Friday, August 19, 2005

attack of the macrocephalites

I took the girls to the pediatrician on Tuesday. Evangeline needed a chicken pox vaccination before school starts, and Rachel needed a couple vaccinations herself before she can start preschool. That went fairly easily, despite their trepidation over getting shots -- Evangeline had just had four shots the previous week, one of them quite painful, and my attempts to get her in a positive state of mind by having her sing "I want to get a shot / Right in the butt" to the tune of "You Can't Get to Heaven" were ultimately unsuccessful.

I don't remember our last pediatrician doing this, but the nurse on Tuesday took a tape measure and measured the circumference of Rachel's head. When the doctor came in a few minutes later, she had a worried look on her face, and measured Rachel's head again herself.

"Let me guess," I said, "her head is bigger than normal."
"Well, yes," she said.
"In fact, it's off the chart."
"Yes," she said.
"And you're worried that she might have hydroencephalitis," I said.

The doctor started to laugh a little, since this was obviously familiar territory for me. Maybe she had noticed the size of my own head, which has been mistaken in the past for a three-story building.

"Well, hydroencephalitis or other related problems," she said. "Has her head always been large?"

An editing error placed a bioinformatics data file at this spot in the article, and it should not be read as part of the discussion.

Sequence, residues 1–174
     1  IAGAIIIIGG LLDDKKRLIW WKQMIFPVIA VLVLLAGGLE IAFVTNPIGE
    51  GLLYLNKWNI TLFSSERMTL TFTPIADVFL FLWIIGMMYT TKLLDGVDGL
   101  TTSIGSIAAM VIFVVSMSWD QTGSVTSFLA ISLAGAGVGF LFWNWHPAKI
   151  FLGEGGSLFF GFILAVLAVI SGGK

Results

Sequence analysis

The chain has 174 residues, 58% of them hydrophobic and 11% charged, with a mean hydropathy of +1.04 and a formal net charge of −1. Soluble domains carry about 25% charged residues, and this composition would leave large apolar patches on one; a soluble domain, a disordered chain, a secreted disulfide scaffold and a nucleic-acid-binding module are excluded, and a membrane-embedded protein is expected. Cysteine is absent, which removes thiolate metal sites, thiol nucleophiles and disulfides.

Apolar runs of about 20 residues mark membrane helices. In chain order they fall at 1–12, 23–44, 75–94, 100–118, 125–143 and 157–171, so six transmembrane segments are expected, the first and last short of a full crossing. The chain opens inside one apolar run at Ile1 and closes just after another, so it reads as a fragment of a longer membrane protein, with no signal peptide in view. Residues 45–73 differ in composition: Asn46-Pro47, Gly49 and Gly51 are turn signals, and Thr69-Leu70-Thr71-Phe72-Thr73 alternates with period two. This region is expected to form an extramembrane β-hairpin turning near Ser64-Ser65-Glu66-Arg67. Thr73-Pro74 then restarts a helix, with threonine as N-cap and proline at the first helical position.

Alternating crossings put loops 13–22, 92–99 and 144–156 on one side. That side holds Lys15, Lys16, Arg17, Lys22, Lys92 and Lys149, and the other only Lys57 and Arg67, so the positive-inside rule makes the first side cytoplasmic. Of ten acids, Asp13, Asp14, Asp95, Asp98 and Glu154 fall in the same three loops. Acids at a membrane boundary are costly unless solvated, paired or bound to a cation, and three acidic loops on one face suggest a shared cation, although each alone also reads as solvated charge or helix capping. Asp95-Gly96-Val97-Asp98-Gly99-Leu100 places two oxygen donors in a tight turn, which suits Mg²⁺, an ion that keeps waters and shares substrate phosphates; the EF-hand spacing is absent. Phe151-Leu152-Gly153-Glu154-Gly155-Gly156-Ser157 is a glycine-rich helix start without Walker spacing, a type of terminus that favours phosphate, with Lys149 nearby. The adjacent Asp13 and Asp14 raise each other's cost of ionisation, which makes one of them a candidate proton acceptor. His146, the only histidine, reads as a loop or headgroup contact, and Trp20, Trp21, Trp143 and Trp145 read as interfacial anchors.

"My wife thinks so," I said. "And she would know best. She calls it the Learn family head, and it is big enough for an entire family. She gets that from her father."

It turns out that Rachel, while she is only in the 25th percentile or so for height, is off the charts for head size. The doctor showed me the standard distribution for head size on children her age, and Rachel was well outside the norm, meaning she looks something like MODOK in the old Captain America comics. Still, as the doctor noted in the exam, Rachel was engaging in healthy imaginative play, responded to complex requests, had tremendous fine and gross motor skills, and was in no way impaired in her language ability.

In other words, she's a macrocephalite -- a fancy way of saying she has a big head, just like her father. Let's just hope she doesn't get the figurative big head that goes with it.

Also, as of Wednesday afternoon, I am one tooth lighter than I used to be. Now I'll agree I need to lose weight, but my mouth is not where I would like to lose it. Still, I had a broken molar and the dentists decided either they couldn't repair it or (I think more likely) my insurance company or their DMO policy said they couldn't repair it because they could just remove it instead, more cheaply. Worst of all, the smegheads wouldn't let me keep the tooth to put under the pillow and get a lousy 25 cents from the tooth fairy.

So now my mouth is lopsided because I have no lower right rear molar, but on the upside, my head is as big as ever.

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